Manchester City FC v UEFA – Financial Fair Play


The Court of Arbitration for Sport (CAS) has recently released its full 93-page judgement of CAS2020/A/6785 Manchester City Football Club v UEFA.

You may recall that earlier this year Manchester City were handed a 30 million euro fine and a ban from competing in UEFA’s club competitions for 2-years (in other words, a ban from participating in either the Champions League or the Europa League). This was due to alleged “serious breaches” of Club Licencing and Financial Fair Play (FFP) Regulations by UEFA’s Club Financial Control Body (CFCB). It was alleged that Manchester City’s owners injected €2.7bn into the club over 7-years through its shareholders & over-valued sponsorship contracts which infringe FFP regulations.

What are the Club Licencing and Financial Fair Play Regulations?

FFP was a regulation introduced by UEFA to prevent clubs that qualified for its competitions from spending beyond their means and, therefore, to eradicate “financial doping”. In other words, they must balance their football-related expenditure i.e. transfer fees and wages with television and ticket income, plus revenues raised by their commercial departments. However, money spent on stadiums, training facilities, youth development or community projects is exempt. The role of the CFCB is to essentially oversee and police the system to ensure that all clubs participating in UEFA’s club competitions are adhering to the rules.

The rules essentially allow a club to spend up to 5 million euros more than they earn per assessment period. However, under a monitoring period, total losses of 45 million euros were permitted so long as the club had owners who could cover such amounts. The figure of 45 million has been gradually reduced since the 2014/15 season. The Regulations also mean that clubs are always obliged to meet all transfer and employee payment commitments.

City immediately sought to appeal the decision of the CFCB. It was feared that if the punishment were to be upheld and not challenged, City would lose key players and possibly their manager who may want to pursue other employers who could guarantee Champions League football. City asserted that the evidence which was based on thousands of leaked emails was an organised attempt to smear the club and, as such, was inadmissible.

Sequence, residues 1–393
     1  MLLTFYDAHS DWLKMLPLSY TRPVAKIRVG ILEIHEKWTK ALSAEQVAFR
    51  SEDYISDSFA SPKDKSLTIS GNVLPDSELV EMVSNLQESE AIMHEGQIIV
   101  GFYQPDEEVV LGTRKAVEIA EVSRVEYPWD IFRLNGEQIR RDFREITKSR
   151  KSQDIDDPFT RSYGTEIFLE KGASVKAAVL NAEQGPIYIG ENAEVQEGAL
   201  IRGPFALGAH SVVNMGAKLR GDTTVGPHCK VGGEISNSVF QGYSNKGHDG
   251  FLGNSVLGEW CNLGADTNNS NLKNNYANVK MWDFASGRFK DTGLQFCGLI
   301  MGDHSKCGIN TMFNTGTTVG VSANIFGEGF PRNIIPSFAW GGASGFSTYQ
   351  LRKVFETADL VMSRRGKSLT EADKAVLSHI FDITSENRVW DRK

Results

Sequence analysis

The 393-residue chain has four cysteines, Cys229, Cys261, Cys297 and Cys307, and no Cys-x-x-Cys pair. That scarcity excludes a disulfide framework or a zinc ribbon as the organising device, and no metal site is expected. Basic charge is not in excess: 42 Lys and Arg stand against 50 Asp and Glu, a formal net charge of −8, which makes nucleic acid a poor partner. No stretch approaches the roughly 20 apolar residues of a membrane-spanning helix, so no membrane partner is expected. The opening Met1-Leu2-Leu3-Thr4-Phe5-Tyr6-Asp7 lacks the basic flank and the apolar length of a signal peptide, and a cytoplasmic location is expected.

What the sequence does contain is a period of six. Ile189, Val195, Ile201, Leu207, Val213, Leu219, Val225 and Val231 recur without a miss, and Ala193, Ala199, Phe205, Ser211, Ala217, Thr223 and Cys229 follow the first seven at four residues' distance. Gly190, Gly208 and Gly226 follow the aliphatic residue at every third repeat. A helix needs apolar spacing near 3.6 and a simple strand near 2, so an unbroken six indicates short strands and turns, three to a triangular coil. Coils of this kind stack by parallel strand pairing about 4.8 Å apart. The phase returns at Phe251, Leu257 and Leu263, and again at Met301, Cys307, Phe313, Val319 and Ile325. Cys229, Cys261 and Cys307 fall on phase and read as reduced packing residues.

The decision

In summary, the appeal found that City had failed to cooperate with UEFA authorities but nonetheless the CAS lifted the ban and reduced City’s fine. On procedure, the CAS found that there were no due process (bias) breaches by UEFA. Therefore, City’s allegation of bias was unfounded, and the leaked emails did, in fact, constitute admissible evidence.

Prior to the release of the full judgement, it was widely reported in the media that one of the key failings of UEFA’s case was that they brought proceedings outside of the limitation period. The limitation period being the period within which legal proceedings can be issued. Proceedings issued outside the period cannot be brought before the courts and are effectively barred. However, the CAS judgement suggests that both parties were wrong on the statute of limitations. The CAS found that the relevant clause in the UEFA Regulations was too ambiguous to be applied with any certainty. That said, the key charge in relation to disguised equity was not subject to limitation and the CAS still considered the charge in full.

The charges in respect of dishonest concealment of equity funding were ruled as being a far more serious violation than the charge in relation to the obstruction to the CFCBs investigations. The CAS also noted that “it was not appropriate to impose a ban on participating in UEFA’s club competitions for failure to co-operate with the CFCB’s investigation alone”. However, on the charge of dishonest concealment, the CAS made out that the charge was not made out to the ‘comfortable satisfaction’ of the panel.

‘Comfortable satisfaction’ being the standard of proof required to succeed in a claim before the CAS. This standard of proof is quite different from the standards commonly used in the English and Welsh legal system. The reality is that it lies somewhere between ‘beyond all reasonable doubt’ (criminal law standard) and ‘on the balance of probabilities’ (the civil law standard).

On the secondary charge, in relation to obstruction, the CAS panel found that there was a clear failure to co-operate with the investigation on City’s part and, therefore, they were liable for this particular breach. However, this breach does not warrant a ban from European competition but does carry a fine. City was ultimately fined 10 million euros – mere pocket money to a club as wealthy as City and certainly nothing more than a ‘slap on the wrist’.

Either party could still appeal the CAS decision, but this would require a finding that the CAS made a significant error in their procedural and decision-making process. An appeal would be made to the Swiss Federal Court; however, CAS decisions are rarely appealed and even where they have been appealed, the decision of the CAS has been rarely reversed.

The decision does not appear to suggest that FFP is dead. However, it does highlight flaws with UEFA’s Regulations and the CFBCs investigation. Perhaps it will serve as an important lesson to UEFA that they cannot be responsible for the investigation, prosecution, and judgement of breaches to its Regulations and that some form of independent body is required.

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